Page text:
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German Antiaircraft Artillery, Military Intelligence Service, Special Series 10, Feb. 1943
[DISCLAIMER: The following text is taken from the wartime U.S. War Department publication. As with all wartime intelligence information, data may be incomplete or inaccurate. No attempt has been made to update or correct the text. Any views or opinions expressed do not necessarily represent those of the website.]

18. General Organization of AA Defenses

a. Responsibility

In addition to his other duties, the Chief of the German Air Force is responsible for the defense of territorial Germany and of important installations and cities of the occupied countries. An inspector for each separate arm of the Luftwaffe (similar to our former chiefs of branches) functions directly under the Chief of the Air Force and is responsible directly to the Chief for the state of training and efficiency of the separate elements comprising the rear-area defenses.

b. Defense Districts

For the purpose of home defense as well as for other needs, Germany and the important occupied territories are divided into air territorial areas known as Luftgaue. In 1939, 15 of these air territorial districts lay within the borders of Germany. In addition, there were two separate air territories established for areas especially open to hostile air attacks. These comprised the Air Defense Zone, West, which was almost identical with the area covered by the West Wall fortifications, and the Air Defense Zone, Sea, which covered in general the North Sea coastal and island area. Following the French Campaign, the first zone was eliminated. Other Luftgaue were organized within the occupied countries, however, to tie in with the general scheme of defense against air attacks.

The commander of a Luftgau is subordinate to the Chief of Air Forces alone. Even though his Luftgau may correspond in extent and nomenclature to a geographical army corps area, he is in no way subordinate to the army corps area commander. The Luftgau commander may have been originally an air officer or an AA artillery officer, or even an air signal officer. There is no rule on the matter other than that he must be an Air Force officer.

Luftgaue coordinate their defenses with each other, in accordance with regulations published by the Chief of the Air Force. The commander of the individual Luftgau has specialists who act respectively as commanders of the interception, pursuit, and other aviation; commanders of all AA artillery of the district, including searchlights; and commanders of the signal service employing warning and communication facilities. Other specialists, functioning directly under the district commander, include the commanders of barrage balloon units and of units responsible for carrying out so-called passive-defense measures. The operating units function under the specialist commanders both on direct orders from these commanders, and, when occasion demands, upon the initiative of the unit commander. In actual operations, in most cases the commands above the actual operating units act mainly in a coordinating capacity, feeding information to the operating units who act in turn on their own initiative in accordance with prescribed standing operating procedure.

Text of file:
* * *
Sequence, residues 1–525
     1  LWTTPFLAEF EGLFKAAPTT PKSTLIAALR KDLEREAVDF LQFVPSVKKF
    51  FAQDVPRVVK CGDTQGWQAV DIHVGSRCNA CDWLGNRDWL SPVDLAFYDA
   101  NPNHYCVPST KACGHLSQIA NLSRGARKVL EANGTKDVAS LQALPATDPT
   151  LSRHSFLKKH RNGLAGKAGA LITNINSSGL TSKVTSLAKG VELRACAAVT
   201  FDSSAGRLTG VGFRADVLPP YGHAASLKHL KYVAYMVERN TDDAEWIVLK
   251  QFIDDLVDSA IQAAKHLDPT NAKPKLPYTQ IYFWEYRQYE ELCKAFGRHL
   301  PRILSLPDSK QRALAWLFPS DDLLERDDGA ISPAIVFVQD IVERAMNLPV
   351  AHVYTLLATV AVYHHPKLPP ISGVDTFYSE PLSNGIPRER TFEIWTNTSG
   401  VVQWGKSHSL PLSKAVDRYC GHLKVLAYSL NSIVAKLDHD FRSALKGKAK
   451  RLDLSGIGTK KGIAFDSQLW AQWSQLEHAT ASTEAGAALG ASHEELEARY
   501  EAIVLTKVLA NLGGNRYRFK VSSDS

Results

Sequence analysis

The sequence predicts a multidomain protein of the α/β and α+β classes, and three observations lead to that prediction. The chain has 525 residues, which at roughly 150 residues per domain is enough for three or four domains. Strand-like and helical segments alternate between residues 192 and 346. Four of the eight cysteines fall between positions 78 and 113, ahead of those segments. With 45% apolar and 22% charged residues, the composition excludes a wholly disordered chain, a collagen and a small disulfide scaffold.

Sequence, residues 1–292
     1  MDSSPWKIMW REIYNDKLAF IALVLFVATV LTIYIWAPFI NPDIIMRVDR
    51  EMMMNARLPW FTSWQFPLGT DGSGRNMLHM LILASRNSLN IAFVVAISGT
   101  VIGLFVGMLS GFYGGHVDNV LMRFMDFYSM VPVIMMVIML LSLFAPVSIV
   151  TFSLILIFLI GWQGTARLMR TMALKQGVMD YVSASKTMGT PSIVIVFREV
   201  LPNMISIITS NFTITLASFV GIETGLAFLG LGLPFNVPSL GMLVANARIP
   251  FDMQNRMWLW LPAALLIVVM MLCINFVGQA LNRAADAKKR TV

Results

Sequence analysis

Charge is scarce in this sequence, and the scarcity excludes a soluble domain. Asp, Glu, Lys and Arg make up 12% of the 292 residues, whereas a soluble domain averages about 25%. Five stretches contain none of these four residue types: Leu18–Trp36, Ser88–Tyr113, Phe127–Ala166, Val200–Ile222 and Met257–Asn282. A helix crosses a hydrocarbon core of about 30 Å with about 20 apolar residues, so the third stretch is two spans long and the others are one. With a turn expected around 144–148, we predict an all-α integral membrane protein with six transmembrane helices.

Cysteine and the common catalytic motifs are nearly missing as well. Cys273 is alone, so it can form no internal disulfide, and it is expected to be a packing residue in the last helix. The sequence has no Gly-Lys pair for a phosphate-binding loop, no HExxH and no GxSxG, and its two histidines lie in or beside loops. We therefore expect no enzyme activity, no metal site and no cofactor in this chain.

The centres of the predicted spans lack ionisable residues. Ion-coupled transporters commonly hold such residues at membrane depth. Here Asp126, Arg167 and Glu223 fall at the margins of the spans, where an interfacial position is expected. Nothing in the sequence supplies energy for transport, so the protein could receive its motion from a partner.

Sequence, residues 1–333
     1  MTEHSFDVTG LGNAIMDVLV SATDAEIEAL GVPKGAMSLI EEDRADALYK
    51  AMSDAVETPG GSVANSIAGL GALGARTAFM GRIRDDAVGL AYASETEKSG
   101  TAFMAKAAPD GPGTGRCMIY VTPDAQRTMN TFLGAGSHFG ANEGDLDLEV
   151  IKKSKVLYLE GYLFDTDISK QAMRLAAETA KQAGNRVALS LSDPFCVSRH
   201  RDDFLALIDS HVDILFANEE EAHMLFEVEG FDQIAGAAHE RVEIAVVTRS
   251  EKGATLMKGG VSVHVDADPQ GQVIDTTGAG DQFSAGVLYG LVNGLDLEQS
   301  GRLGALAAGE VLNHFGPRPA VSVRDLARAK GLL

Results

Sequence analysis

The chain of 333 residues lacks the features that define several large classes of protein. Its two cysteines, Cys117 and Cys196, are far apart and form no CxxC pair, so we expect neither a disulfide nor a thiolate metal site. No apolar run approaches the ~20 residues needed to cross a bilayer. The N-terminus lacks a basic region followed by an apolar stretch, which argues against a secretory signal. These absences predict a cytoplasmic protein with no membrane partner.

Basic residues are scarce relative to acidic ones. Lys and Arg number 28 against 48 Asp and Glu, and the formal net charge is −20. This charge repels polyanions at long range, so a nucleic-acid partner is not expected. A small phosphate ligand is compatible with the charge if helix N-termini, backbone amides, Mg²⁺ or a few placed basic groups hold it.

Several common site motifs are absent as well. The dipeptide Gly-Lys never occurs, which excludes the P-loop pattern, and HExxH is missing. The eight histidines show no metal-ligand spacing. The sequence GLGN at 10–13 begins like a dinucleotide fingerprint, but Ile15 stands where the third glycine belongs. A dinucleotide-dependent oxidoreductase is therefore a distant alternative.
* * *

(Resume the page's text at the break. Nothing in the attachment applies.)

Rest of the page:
Within certain of the air districts there are special air defense commands. These cover regions of vital importance whose defense must be insured with a maximum of defense facilities. In these defense commands, of which the cities of Berlin and Hamburg, and the Ruhr district, are typical examples, there are concentrated under a single command sufficient defense facilities of all kinds to prevent the attacking hostile air forces from carrying out their mission.

c. Component Arms

The AA guns are considered the backbone of the static defense, but the operation of the system calls for close cooperation with friendly aircraft, especially fighter planes. Searchlight units as a part of Flak proper play a very important part in the German scheme of air defense, and in certain areas barrage balloons are used quite extensively. The Aircraft Warning Service is a part of the Air Force, and as such has the mission of providing adequate warning of hostile aircraft. Certain passive measures form a very important part of the defense system as a whole; these measures must be considered a definite though intangible weapon, so closely tied in with the entire defense system that they must be considered in this discussion.

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